What brought you to Shield AI?
I was drawn to Shield AI because of its fast growth and my belief that this is a company that wants to continue to grow and transform. I felt like my background of transforming other companies might be something Shield AI would be interested in. In addition, I found the mission to be extremely compelling and unique, and addressing a gap in the defense sector.
What do you think makes the defense sector different from other sectors?
The defense sector is very unique for a number of reasons. First and foremost, it is highly regulated and no matter how long you’ve been in the industry it’s always a challenge to maneuver the ever-changing politics, policy, and regulatory framework that governs doing business in the sector.
Second, the defense sector brings together unique combinations of talent. Shield AI is the perfect example of that — where else can you see a former Commander of Naval Special Warfare talking to a leading AI scientist, while a former NAVY Seal is talking to a corporate lawyer, while a tech entrepreneur is talking to a New York Times best-selling author? Here, I’ve met folks who have spent their entire careers in the sector and other folks who have never worked in the sector, but are equally accomplished in other industries. The defense sector has brought a lot of interesting, different, and accomplished people together at Shield AI to rally around a common goal. I have not seen that varied mix of people and backgrounds in other industries.
What advice have you received that remains with you today?
One of the best pieces of advice that I received early in my career that continues to shape my choices is to always pursue greatness in multiple things, even if you develop a single speciality. Not only will it help accelerate advancement in your specialty, it will broaden your opportunities.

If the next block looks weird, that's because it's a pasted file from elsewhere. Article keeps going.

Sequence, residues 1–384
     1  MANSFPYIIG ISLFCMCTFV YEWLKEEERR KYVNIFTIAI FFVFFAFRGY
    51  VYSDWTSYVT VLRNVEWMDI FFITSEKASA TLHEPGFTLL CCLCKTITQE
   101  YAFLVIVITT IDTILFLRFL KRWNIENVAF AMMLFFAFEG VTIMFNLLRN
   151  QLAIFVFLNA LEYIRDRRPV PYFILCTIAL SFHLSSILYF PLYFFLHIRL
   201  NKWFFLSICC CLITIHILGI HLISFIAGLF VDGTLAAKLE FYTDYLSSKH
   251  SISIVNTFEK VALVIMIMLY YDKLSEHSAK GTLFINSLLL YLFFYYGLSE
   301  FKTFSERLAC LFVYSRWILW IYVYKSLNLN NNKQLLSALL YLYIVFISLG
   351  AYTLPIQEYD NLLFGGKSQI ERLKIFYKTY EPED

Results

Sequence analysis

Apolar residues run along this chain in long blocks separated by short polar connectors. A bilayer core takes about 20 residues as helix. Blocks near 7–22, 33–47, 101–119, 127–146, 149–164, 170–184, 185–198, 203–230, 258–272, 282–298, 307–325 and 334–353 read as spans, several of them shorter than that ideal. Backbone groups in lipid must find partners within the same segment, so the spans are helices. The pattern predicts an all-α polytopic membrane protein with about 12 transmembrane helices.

This advice has driven me to challenge myself in different ways, to extend my skills beyond my core, to constantly put myself in environments where I will continue learning, to step outside my comfort zone, and to manage and lead different types of teams. I’ve become a much better lawyer and business executive by maintaining a focus on my core legal specialty, but also finding ways to expand my portfolio by running other functional areas like HR, Compliance, Communication, Public Affairs, Contracts, and more.
Expanding your professional range has the effect of widening your perspective. It allows you to view problems through multiple lenses. This results in finding creative solutions to problems in ways that others may not consider. This has opened up opportunities that I otherwise would not have had in my career if I had maintained a very singular focus.
Lawyers are known for skillfully navigating complicated disputes. When working on such projects, what skills do you draw upon to be successful?
The biggest challenges in a complicated deal or dispute are rarely the technical points; the biggest challenges are usually the atmospherics and strategic elements. Some of the most critical skills I have learned are:
Not to take things personally. Many people say it, very few live it, but acknowledging “it’s just business, it’s not personal” often saves you from unneeded stress and anxiety.
Choose your team wisely. No complicated transaction will close unless you have the right team from the beginning to the end. Choosing the right people to fill out your team has a tremendous impact on your ability to get things done.
Practice balance. Developing a healthy balance of urgency and patience is key. Knowing when to push is just as important as knowing when to walk away.